By-the-Numbers 42 Still Hits for the Cycle
- Thursday, April 11, 2013
DVD Release Date: July 16, 2013
Theatrical Release Date: April 12, 2013
Rating: PG-13 for thematic elements including language
Run Time: 128 min.
Director: Brian Helgeland
Actors: Chadwick Boseman, Harrison Ford, Nicole Behari, Christopher Melonie, John C. McGinley, Ryan Merriman, Lucas Black
The pressure on the makers of 42—the story of Jackie Robinson, the first African-American player in the major leagues—was great. The film would need to honor a story sacred to baseball fans and history buffs. Could they bring Robinson’s story to life without falling into drab stereotypes, portraying Robinson as strong rather than subservient to all-white league players and officials? Could they let Robinson’s inspirational accomplishments speak for themselves, without taking on the tone of a powder-keg racial drama? And would they be able to sidestep Hollywood’s tendency to tell important stories of African-American triumph through the eyes of a Caucasian lead character? (Read more about the making of the movie here.)
42 doesn’t avoid every possible pitfall. Although it includes a breakout lead performance from Chadwick Boseman as Robinson (the actor is primarily known—if known at all—for his work on TV), it also includes Harrison Ford (Cowboys & Aliens) in the key supporting role of Brooklyn Dodgers' General Manager Branch Rickey. That bit of casting is commercially savvy—a huge (if aging) star that should ensure a racially diverse audience for 42—but risks emphasizing Rickey’s against-the-grain boldness over Robinson’s athleticism and determination.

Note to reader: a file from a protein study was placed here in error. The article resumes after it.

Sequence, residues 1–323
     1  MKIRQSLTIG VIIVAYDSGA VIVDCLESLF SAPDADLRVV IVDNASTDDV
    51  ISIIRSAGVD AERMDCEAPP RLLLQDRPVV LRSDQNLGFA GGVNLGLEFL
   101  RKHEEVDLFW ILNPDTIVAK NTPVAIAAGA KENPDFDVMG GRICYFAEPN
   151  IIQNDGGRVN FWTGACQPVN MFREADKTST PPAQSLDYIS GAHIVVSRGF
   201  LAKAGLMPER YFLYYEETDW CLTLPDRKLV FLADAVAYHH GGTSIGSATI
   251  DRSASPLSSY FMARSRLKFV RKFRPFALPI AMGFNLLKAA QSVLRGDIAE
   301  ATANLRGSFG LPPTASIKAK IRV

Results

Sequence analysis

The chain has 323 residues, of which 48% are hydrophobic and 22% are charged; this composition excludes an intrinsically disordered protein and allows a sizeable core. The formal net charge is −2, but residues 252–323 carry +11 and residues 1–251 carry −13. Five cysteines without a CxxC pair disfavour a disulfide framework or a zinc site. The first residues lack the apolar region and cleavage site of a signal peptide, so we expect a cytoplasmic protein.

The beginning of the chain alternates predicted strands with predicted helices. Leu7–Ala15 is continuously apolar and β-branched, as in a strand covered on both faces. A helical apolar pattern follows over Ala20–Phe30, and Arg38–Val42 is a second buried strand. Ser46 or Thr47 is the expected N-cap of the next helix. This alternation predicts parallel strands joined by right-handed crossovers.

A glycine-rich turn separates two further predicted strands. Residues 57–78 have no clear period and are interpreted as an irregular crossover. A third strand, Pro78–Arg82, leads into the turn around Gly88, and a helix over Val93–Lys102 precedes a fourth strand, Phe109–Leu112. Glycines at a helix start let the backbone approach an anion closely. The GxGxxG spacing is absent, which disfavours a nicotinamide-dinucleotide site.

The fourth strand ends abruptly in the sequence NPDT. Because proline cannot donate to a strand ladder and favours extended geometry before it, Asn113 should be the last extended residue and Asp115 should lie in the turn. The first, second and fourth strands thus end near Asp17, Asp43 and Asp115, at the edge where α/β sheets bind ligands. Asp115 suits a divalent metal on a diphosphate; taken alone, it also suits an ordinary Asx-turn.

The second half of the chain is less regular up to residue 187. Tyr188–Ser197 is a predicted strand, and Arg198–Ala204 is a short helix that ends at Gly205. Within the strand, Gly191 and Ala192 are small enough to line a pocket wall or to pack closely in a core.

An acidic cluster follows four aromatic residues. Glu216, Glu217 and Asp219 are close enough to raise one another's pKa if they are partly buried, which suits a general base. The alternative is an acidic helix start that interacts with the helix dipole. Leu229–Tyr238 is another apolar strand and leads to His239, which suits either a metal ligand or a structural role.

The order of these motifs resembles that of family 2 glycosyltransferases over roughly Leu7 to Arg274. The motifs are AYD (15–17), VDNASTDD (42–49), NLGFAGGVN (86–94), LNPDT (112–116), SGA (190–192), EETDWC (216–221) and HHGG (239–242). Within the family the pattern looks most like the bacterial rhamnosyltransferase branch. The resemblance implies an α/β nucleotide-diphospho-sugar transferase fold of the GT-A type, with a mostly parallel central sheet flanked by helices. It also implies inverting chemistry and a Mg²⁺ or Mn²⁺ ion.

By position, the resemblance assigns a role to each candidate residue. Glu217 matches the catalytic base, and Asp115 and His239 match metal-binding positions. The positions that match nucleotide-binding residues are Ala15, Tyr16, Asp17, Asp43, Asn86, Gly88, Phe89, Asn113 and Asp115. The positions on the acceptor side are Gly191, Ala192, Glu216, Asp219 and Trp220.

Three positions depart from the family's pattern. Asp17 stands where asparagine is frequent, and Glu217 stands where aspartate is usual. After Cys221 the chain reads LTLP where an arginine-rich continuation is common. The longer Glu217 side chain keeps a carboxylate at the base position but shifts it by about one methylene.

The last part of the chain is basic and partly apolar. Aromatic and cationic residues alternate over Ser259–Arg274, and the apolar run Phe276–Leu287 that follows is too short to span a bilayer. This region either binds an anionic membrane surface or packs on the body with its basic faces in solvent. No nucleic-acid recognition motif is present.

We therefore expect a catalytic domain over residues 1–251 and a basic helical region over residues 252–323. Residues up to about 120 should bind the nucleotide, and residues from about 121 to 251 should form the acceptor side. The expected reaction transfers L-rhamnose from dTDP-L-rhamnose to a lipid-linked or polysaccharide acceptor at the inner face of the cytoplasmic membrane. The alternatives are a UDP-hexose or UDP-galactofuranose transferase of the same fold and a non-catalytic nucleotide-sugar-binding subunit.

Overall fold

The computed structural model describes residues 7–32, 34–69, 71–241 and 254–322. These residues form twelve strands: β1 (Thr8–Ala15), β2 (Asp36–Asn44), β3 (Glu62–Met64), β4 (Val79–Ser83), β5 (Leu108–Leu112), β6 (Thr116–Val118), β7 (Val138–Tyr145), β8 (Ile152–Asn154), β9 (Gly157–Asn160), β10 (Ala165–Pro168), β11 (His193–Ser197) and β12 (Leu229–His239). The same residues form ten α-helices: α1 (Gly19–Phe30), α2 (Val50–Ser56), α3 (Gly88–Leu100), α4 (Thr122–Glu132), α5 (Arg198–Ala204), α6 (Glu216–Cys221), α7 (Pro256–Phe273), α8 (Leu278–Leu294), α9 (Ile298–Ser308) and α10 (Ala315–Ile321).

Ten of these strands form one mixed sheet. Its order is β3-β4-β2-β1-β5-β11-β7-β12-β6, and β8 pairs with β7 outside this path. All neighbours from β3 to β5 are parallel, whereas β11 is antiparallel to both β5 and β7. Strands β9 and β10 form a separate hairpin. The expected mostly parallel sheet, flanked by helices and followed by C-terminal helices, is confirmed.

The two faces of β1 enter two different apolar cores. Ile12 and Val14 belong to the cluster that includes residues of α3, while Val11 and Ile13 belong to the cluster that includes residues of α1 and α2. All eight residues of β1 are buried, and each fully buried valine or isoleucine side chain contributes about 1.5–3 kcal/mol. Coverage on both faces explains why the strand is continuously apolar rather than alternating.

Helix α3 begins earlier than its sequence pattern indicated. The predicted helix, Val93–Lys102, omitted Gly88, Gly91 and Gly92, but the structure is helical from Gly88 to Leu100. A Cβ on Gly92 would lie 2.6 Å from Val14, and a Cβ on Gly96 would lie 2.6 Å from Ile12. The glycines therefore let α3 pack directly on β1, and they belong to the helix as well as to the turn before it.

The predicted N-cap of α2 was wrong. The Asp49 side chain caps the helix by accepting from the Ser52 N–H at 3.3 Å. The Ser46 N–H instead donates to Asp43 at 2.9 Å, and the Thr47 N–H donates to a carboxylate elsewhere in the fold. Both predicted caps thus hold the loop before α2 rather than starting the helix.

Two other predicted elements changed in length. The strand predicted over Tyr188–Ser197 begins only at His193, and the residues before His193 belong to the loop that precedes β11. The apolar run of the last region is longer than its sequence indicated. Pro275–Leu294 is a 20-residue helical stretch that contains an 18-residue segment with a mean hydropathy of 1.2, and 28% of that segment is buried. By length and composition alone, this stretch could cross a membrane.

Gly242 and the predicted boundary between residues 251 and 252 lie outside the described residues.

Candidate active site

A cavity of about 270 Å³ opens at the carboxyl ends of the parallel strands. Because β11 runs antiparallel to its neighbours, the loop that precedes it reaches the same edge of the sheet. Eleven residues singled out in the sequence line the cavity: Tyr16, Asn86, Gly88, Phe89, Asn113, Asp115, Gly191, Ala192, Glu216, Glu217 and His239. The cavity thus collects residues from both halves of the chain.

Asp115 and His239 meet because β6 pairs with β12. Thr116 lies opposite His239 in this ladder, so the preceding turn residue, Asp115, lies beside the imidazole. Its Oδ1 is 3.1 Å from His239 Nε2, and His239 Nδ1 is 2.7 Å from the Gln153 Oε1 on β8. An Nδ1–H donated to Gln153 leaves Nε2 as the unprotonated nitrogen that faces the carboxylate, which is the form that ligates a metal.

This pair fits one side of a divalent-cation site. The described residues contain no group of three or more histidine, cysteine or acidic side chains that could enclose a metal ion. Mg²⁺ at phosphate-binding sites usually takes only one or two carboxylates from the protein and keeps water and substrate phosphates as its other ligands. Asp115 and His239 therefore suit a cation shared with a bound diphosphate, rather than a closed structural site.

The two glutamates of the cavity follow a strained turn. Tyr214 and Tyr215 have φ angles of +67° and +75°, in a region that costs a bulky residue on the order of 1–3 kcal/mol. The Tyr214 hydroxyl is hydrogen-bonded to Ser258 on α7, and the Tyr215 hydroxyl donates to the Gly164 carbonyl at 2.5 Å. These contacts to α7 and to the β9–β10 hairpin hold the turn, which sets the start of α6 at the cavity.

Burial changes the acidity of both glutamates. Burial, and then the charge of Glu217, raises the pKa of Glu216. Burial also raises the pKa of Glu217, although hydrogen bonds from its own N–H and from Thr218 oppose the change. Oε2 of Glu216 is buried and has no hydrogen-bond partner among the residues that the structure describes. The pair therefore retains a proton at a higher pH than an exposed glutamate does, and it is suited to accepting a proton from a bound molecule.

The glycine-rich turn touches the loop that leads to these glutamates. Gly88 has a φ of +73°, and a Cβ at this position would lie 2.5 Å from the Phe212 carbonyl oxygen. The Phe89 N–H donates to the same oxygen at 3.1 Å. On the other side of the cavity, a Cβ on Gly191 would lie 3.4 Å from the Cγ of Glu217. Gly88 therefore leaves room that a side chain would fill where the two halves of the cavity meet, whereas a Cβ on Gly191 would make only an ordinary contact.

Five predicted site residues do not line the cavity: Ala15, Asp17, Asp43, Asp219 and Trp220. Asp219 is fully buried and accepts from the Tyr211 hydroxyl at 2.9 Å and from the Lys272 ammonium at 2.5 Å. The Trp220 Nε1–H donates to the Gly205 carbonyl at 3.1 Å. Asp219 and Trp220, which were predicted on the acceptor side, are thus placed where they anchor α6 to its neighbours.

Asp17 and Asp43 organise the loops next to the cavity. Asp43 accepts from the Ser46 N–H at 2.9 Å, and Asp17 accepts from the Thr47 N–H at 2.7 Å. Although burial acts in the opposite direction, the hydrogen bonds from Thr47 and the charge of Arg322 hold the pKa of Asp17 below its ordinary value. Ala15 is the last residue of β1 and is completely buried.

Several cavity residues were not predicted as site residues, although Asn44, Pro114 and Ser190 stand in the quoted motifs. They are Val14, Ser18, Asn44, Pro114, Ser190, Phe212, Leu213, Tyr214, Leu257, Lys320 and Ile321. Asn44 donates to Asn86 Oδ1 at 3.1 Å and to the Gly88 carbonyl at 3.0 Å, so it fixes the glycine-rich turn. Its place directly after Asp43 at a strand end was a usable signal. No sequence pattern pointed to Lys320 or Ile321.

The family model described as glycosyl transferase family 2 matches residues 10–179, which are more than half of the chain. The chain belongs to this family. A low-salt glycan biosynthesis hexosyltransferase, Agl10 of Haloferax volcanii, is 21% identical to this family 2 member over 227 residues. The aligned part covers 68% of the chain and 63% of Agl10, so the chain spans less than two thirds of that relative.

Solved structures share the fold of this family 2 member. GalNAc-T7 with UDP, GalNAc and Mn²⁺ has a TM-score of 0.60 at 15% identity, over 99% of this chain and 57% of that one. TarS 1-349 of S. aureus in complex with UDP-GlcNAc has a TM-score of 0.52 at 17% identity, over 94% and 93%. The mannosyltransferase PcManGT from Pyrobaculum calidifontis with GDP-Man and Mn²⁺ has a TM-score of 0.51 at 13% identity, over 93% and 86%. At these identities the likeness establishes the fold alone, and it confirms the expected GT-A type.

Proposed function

Those are real concerns for how 42 will be perceived. Rickey’s story is as prominent as Robinson’s, and that may understandably put off viewers who want to know more about Robinson’s accomplishments. The film also chooses to end early in Robinson’s career, packing the rest of Robinson’s accomplishments into a closing-moments wrap-up. However, if the audience reaction at the recent preview screening is any indication, the filmmakers’ balancing act will prove satisfying to most viewers.
The film opens in 1945, with a reminder that black veterans of World War II returned to an America to face racism, segregation and Jim Crow laws. Rickey, GM of the Dodgers, knows it’s time for things to change. He decides it’s time for a baseball player to join the all-white National League rather than the Negro Leagues, and he chooses to recruit Robinson to his minor league team in Montreal. If all goes as planned, that sting will lead to a starting position for Robinson on the Brooklyn Dodgers.
Rickey faces instant skepticism from team officials who warn him about the trashing Rickey will get in the press, but Rickey is motivated to some degree by a divine calling. "Robinson’s a Methodist. I’m a Methodist. God’s a Methodist," he says. He orders that Robinson be brought into the organization.
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